Prosecutorial independence is important, but also must be reconciled with representative democracy and responsible government. This raises the question of whether the PM should be able to remove an AG (whether that person sits in Cabinet or not) if the PM no longer has confidence in that person. In a democracy and given the importance and general de facto unreviewable nature of prosecutorial discretion the answer seems to be yes. But again, there needs to be clear explanations on all sides and if need be clear waivers of privilege.


The AG, DPP and Remediation Agreements


Finally, there is the still live question of what happens to the SNC prosecution going forward. The remediation agreement provisions of the Code require the AG’s consent to negotiate an agreement, but not a consent not to negotiate an agreement. Nevertheless, under s.10 of the DPP, the AG retains the ability to issue a directive to the DPP to negotiate a remediation agreement. If such a directive is provided in an individual case, it should be incumbent on the new AG to explain his reasons fully. Solicitor client privilege and Cabinet confidences should be waived in the interest of transparency.


At the same time, it is possible under the DPP act that the publication of such a directive in the could be delayed until the completion of the prosecution or other related prosecutions. The directive power has rarely been used and never with respect to a specific prosecution. Jody Wilson-Raybould testified that she would have resigned from Cabinet had one been used in the Lavalin prosecution.


Ironically, the current AG may not issue a direction or take over the Lavalin prosecution in part because of partisan political reasons because it would be seen not only as interference with prosecutions by as a move to benefit a Quebec based company that would be very unpopular in the west. The power in DPP Act that allows the AG to issue directions or even take over a prosecution is a legitimate democratic safeguard, but one that should require an AG to explain and defend his or her interpretations of both the legal and non partisan public interest considerations that animate such extraordinary interventions.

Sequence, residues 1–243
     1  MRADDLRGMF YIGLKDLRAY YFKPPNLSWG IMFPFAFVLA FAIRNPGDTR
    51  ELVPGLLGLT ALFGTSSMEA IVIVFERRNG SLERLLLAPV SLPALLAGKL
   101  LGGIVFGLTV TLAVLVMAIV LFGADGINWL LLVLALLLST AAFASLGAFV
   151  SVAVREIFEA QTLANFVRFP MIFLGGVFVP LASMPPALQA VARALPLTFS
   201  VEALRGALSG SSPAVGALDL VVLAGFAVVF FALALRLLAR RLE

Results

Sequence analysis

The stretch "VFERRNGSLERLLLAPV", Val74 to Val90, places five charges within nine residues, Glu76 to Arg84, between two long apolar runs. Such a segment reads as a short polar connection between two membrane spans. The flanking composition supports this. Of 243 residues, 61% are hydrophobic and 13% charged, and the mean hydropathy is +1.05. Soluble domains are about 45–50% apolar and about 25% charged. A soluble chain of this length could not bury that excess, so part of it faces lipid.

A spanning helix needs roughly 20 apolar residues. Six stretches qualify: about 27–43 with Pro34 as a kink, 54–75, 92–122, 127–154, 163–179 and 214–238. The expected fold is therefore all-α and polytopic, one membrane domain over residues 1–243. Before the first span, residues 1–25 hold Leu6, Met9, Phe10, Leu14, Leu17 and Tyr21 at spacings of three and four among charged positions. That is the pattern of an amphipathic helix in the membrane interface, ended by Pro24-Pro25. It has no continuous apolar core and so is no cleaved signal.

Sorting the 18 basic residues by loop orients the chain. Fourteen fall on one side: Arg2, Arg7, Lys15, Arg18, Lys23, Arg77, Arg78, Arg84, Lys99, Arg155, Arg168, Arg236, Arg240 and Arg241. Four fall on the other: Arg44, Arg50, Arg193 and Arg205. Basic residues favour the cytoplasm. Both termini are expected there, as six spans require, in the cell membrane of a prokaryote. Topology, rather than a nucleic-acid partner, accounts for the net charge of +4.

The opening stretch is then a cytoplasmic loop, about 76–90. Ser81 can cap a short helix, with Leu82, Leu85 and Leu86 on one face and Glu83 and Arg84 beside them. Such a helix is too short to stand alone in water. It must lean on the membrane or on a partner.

It could be in the public interest to enter into a remediation agreement that could impose meaningful consequences on SNC and ensure that it takes steps to avoid improper conduct in the future.  Much would depend on the proper interpretation of the Criminal Code provision taken from the relevant OECD bribery convention that prohibits consideration of the national economic interest or the identity of the accused. This again underlines that we do not have explanations and reasons for why the DPP decided not to negotiate a remediation agreement and why the former AG decided that was not a case that warranted her intervention in that decision. 


Prosecutorial independence is important, but it should be accompanied by a prosecutorial willingness to explain and defend the conception of the public interest that animates their decision.